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additional pressure on the overstrained farmer, they are spoiling their own labour market in the meantime ; while there is a general rupture of local ties, as the centres of rural population are being shifted. On the one hand, the capitalist who cultivates by steam machinery employs fewer people permanently; on the other hand, the new dairy system, which sends quantities of milk daily to the towns, has been multiplying foggers, milkers and their cottages in the pasture countries; while the ordinary class of farmer who has been striving to work very much in the old ways is being compelled to stint his expenditure simply from lack of cash or credit. • After a while, seeing that his capital is diminishing, because he has been, as it were, eating it, seeing that there is no prospect of immediate relief, whatever may happen in the future, he is driven to one of two
He must quit the occupation or he must reduce his expenditure. He must not only ask the labourer to accept a reduction, but he must, wherever practicable, avoid employing labour at all.' That indispensable struggle to keep wages down tells indirectly on the popularity of the landlord, and on his popularity depends his influence for good. A naturally liberal man is placed in an embarrassing and painful position. He employs a certain number of hands on his home farm, and would willingly give them the wages they ask, and which he does not consider unreasonable. But if he pays them the extra shilling or two which are little to him, his tenants come with a protest.
He is dealing unfairly by them in raising the market, and bidding for popularity out of his abundance at their
That is only a sample of innumerable difficulties that suggest themselves when we study the subject below the surface. Though the interests of the agricultural classes ought to be broadly identical, yet they clash in a variety of details beyond possibility of easy reconciliation. As the pressure from foreign competition increases; as ingenuity and the energy of enterprise extend it into department after department, the component parts of the English agricultural machine must work more and more inharmoniously. In most common trials of the kind, inen are cheered by hope, and are encouraged to be patient by trusting to time. But here time would appear to be all against them, for each day brings the menace of some new mischief. It is possible that something may be done to alleviate the ing evils, and the cycles of the seasons will bring some temporary relief in the shape of better weather. But the prices our produce will command are at the bottom of the whole matter; it is as evident as anything can be in this world, that the prices of the chief staples of our farms can never again be what they once
were. It is idle to point by way of consolation to the extreme Auctuations in the cost of corn and cattle at different periods of our agricultural history. Those depressions were invariably due to causes which were obviously ephemeral. If the future is to be faced, and faced successfully, it can only be by science, system, and frugality; and there is a period of trial and of doubtful experiment to be passed through before any new order of things can organise itself
. Frugality must claim the first consideration, because there is no help for it. When landlords have reduced their rents and written off their arrears, they must cut down the scale of their living in proportion; and the men who are constrained to that painful resolution will at least have the comfort of many companions in misfortune. As for the middle-class and humbler farmers, if they mean still to hold by the land, they must fall back again towards the simpler habits of their fathers; while if the wages of the labourer come to a standstill, or decline, he may be reminded that his food and his clothing are cheaper. At the same time that cheapening of food is anything but an unmixed gain even for the consumer.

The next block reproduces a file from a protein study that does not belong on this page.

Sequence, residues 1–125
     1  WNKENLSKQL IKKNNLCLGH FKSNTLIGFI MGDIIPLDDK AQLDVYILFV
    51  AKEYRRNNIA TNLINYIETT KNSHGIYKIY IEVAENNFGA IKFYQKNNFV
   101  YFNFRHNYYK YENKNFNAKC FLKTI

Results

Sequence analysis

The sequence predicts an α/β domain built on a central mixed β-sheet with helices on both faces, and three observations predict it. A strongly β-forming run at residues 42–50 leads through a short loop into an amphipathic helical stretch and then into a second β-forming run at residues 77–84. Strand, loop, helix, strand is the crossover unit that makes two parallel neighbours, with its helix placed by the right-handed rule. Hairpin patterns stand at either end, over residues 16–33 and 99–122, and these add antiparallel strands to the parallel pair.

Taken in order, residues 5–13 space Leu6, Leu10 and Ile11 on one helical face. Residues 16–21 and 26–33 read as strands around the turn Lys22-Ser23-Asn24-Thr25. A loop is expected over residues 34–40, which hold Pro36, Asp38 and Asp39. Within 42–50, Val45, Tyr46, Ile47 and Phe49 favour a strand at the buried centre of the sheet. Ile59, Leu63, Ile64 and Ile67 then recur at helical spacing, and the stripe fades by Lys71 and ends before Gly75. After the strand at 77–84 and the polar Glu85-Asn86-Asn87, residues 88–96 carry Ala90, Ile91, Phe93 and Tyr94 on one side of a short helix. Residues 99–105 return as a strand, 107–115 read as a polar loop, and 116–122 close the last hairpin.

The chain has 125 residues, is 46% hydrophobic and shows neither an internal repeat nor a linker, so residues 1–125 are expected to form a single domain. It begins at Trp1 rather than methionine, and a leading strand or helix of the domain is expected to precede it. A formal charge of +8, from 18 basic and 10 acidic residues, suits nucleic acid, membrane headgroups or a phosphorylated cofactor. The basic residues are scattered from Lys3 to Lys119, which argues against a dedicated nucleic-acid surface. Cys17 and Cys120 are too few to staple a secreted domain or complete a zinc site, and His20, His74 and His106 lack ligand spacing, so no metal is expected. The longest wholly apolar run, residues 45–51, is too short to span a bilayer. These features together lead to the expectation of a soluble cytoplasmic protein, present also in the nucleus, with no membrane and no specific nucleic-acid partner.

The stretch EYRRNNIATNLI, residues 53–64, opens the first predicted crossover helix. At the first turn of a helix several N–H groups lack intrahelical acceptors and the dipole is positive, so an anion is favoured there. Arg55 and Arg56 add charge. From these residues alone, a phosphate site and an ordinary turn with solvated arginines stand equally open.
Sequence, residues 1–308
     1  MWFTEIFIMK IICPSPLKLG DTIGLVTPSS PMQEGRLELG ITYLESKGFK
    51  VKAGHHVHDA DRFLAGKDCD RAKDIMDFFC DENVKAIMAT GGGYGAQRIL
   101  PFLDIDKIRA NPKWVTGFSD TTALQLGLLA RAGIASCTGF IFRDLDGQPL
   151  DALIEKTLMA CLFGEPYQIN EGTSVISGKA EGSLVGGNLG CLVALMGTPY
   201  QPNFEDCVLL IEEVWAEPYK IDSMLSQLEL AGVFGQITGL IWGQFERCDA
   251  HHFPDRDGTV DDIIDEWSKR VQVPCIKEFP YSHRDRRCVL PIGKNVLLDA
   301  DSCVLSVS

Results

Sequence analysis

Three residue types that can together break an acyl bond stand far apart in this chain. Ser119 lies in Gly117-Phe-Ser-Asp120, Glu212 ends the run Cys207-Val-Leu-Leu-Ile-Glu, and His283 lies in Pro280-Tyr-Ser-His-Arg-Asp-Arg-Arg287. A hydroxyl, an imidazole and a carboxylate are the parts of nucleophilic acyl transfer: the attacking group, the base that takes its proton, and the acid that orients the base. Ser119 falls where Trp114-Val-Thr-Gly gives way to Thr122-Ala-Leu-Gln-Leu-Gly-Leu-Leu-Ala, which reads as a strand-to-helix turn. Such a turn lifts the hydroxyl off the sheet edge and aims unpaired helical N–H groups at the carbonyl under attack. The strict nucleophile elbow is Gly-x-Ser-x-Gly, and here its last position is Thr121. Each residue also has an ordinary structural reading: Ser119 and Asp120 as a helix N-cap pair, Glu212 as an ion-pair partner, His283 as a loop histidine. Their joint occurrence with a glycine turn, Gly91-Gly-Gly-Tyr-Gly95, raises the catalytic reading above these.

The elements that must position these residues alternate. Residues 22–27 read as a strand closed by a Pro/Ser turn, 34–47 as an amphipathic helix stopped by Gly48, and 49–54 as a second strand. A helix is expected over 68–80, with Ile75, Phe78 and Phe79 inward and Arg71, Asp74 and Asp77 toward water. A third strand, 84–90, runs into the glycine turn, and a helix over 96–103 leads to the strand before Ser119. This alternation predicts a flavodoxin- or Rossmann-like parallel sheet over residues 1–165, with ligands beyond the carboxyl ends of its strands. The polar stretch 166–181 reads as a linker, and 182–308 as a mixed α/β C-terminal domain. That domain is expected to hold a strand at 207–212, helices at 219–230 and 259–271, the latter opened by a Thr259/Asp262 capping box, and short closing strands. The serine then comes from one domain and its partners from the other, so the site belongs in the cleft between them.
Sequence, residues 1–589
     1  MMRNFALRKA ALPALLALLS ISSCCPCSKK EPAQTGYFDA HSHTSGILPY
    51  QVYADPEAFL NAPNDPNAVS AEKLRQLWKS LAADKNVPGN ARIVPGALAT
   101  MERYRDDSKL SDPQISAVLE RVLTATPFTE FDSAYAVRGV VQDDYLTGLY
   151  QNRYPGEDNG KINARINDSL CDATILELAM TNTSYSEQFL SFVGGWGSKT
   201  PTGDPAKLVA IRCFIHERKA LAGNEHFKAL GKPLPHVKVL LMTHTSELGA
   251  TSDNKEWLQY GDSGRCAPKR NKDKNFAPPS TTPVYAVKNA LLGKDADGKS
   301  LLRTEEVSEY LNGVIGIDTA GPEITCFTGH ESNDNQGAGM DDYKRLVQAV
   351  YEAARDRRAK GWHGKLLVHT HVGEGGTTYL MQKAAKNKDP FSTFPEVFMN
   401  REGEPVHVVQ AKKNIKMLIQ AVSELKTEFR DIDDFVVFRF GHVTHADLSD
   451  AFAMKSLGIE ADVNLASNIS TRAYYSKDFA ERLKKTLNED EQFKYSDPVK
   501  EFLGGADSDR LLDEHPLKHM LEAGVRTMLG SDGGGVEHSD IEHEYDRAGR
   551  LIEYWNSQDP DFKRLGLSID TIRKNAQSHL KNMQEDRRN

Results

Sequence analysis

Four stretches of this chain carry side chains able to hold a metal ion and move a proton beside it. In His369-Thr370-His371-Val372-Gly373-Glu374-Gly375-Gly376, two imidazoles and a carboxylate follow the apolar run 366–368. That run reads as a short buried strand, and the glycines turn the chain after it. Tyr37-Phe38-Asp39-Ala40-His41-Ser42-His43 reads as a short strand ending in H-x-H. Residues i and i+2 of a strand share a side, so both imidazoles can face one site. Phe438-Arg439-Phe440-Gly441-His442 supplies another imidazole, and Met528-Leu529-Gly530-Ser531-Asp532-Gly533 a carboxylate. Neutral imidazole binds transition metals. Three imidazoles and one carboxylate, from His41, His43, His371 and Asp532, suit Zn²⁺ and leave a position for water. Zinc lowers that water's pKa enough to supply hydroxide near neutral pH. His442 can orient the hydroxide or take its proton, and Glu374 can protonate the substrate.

As the purchasing power
of the landed classes falls off, the trading classes lose their customers. As money drains away in exchange for foreign imports, there will be a sensible check to the prosperity of the country; and the manufacturers, the retail tradesmen and their employés will feel the effects in turn. Then the hands in the mills and manufactories will smart and grumble with the agricultural labourer. In short, we are all suffering from a general misfortune which must be made the best of; nor is anything to be gained by shirking its consideration or diminishing its magnitude. What we may hope is, that, though we fancy we may foresee the worst, we cannot possibly make a forecast of unlooked-for circumstances, which may bring relief from quarters whence we least expect it. The unexpected is an element in human affairs which should always enter into our calculations.
ART. VII.-Mémoires de Madame de Rémusat, 1802-1808.
Publiés, avec une Préface et des Notes, par son petit-fils, PAUL DE RÉMUSAT, Sénateur de la Haute-Garonne. Trois tomes. Paris: 1880.
*TAE manuscript of the Memoirs of my grandmother, lady,
• in-waiting to the Empress Joséphine, was bequeathed ' to me by my father, along with the duty of publishing them.' With these simple words M. Paul de Rémusat offers to the world the most curious of recent contributions to the history of the First Empire. _To every student of history this book is a gain, while for Frenchmen at the present moment it is of uncommon value, since the name of Napoleon still acts as a watchword or a test, alternately invoked or execrated by the temper of parties. The disasters which Napoleon III. brought on France in his last campaign have reminded the French that his uncle began a like work of national ruin, and brought a like humiliation upon Paris. On the other hand, the pious fortitude of the widowed Empress at Chiselhurst, along with the untimely death of the Prince who fell in foreign battle, have thrown a sort of halo round fallen Imperialism, whilst the unstable and uncertain fortunes of the Republic, still apparently gliding towards the extreme of democracy, are haunted by the phantom of military despotism and imperial power.